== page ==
The Round-up

April 2, 2014 in Events, General, Links, News

Kasia Kowalska and Royston Robertson write:

The documentary Stripped, which covers the past, present and future of comic strips, looking at how they are affected by the digital age, has been released on iTunes. The Kickstarter-funded film certainly seems to have spoken to alll the major players.

There’s more at boingboing.net, which gives it a thumbs up. And the creators of the film discuss the survival of strips in a Q&A here.

With the First World war very much in the news, as its centenary approaches, the Daily Mirror looks at some of its satirical cartoons from the time. Meanwhile, a group of comics artists have published an anthology of stories to take on Michael Gove’s “jingoistic” view of the war.

Is laughter the best medicine? Researchers at the University of Southampton have used the work of Procartoonists.org member Fran Orford to show that cartoons can be beneficial in helping people to cope with long-term conditions.

The cartoonist and illustrator Bob Dewar has never sought the limelight, but The Scotsman says that a new exhibition of his work could change that.

Remember the animated Charley Says public-information films from the 1970s? They’re back, with comedian David Walliams doing the voiceover.

Excerpt from the strip that spawned the "Bechdel Test" © Alison Bechdel.

Excerpt from the strip that spawned the “Bechdel Test”. Click to enlarge

Alison Bechdel, the acclaimed creator of Fun Home and Dykes To Watch Out For, talks about creating women characters as subjects and not objects, in an interview with Sabine Brix. The above strip from 1985 spawned the Bechdel Test, which is now used by film academics to assess the roles of women in films.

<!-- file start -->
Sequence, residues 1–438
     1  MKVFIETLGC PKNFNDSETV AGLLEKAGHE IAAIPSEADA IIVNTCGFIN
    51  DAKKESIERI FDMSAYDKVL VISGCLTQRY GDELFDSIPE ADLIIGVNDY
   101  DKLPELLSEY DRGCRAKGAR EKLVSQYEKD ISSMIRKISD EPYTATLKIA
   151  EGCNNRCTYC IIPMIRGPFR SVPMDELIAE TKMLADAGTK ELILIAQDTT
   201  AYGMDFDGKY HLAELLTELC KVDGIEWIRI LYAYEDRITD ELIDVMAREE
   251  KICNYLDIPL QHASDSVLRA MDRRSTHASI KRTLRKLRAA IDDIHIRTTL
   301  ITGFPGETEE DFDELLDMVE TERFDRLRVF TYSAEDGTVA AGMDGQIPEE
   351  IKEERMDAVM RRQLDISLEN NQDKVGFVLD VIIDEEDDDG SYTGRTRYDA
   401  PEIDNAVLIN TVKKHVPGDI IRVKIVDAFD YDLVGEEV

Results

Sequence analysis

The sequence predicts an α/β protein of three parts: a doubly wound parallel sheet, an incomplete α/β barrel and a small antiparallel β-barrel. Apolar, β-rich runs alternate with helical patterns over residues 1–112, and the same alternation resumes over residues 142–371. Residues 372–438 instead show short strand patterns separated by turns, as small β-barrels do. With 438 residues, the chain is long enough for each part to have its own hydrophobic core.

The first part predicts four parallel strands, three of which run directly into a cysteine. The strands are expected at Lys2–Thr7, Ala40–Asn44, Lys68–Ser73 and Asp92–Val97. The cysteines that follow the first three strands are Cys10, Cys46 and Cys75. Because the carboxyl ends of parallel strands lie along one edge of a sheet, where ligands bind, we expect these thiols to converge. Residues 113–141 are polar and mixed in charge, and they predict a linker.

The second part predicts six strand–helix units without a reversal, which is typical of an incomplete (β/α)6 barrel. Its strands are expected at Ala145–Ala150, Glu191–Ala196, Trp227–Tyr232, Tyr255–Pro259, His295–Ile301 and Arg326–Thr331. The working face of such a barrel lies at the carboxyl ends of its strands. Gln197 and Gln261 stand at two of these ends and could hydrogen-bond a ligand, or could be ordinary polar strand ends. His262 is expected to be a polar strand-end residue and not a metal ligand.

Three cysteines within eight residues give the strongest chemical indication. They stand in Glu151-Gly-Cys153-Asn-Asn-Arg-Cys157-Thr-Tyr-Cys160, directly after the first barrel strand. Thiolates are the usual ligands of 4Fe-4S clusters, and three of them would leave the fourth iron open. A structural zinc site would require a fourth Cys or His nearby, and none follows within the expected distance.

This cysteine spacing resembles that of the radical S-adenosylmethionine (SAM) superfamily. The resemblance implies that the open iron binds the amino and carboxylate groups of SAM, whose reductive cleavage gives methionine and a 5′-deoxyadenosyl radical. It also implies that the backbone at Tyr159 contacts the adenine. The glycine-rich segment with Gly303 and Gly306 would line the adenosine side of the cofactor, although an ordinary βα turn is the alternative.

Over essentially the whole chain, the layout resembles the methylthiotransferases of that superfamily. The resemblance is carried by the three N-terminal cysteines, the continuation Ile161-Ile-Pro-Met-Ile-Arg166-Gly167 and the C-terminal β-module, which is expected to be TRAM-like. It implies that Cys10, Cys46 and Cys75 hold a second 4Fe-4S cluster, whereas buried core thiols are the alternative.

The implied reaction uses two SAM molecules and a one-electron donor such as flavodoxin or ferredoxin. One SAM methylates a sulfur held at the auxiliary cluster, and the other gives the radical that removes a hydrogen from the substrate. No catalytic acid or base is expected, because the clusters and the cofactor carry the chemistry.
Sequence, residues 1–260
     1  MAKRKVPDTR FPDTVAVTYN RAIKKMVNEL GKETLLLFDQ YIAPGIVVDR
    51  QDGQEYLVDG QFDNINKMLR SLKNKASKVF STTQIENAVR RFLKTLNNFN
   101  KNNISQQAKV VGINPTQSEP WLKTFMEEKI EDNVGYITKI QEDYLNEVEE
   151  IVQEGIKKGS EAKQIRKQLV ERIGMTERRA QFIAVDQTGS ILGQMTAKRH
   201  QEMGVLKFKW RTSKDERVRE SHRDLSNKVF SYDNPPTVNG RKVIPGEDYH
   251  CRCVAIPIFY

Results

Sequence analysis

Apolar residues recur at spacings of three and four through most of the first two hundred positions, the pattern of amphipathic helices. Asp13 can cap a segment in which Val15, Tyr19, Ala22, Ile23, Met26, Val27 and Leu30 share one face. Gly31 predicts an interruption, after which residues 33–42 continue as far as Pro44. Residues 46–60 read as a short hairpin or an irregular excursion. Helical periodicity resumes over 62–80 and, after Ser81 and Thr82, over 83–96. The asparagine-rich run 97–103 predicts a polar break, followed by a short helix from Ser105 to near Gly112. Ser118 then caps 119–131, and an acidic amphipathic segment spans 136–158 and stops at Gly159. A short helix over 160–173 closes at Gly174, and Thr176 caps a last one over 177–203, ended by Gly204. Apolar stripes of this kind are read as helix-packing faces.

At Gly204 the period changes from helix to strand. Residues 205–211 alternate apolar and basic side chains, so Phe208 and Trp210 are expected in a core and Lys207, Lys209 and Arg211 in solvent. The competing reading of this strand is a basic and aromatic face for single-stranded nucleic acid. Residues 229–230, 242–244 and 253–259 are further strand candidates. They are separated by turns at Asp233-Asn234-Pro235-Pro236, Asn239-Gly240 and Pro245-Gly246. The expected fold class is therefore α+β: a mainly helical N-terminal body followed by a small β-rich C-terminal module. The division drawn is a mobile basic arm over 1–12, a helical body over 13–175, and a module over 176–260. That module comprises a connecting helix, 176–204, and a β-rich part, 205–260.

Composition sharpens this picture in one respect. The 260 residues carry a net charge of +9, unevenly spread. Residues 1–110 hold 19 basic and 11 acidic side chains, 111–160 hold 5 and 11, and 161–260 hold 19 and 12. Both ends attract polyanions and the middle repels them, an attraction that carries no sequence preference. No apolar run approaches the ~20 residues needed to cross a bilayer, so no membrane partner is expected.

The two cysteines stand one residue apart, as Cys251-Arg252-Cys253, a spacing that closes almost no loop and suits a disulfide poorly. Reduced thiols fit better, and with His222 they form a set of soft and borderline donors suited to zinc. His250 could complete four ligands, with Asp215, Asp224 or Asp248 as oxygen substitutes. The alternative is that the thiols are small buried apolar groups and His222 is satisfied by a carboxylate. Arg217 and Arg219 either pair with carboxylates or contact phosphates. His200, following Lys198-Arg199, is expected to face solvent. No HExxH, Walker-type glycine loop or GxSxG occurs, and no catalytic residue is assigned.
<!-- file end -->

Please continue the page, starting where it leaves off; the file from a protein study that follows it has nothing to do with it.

Protesters in Turkey responded with cartoons when their government recently blocked access to YouTube and Twitter in the build up to the national elections on 30 March. But doubts remain over the future of the free press there, as Nicholas Clayton explains.

Two video lectures for you: the Iranian cartoonist Kianoush Ramezani on “Cartooning, the art of danger” and Mike Luckovich of The Atlanta Journal-Constitution, who says there is more to cartooning than meets the eye.

Finally, regular readers will know that the theme of this year’s Shrewsbury International Cartoon Festival is music but can everyone name that (cartoon) tune? Try your luck and listen to the musicians at Carnegie Hall who played 43 different cartoon themes in under five minutes.

1 response to The Round-up

  1. Gove isn’t telling lies, he is merely trotting out the stuff he was told at his school. I was told the same stuff. I don’t believe it because of the overwhelming weight of evidence which proves that it is tosh. But Gove’s like that. A creepy caricature of the grammar school lad made good. The reason he’s so dismissive about Art education is that he didn’t get any.

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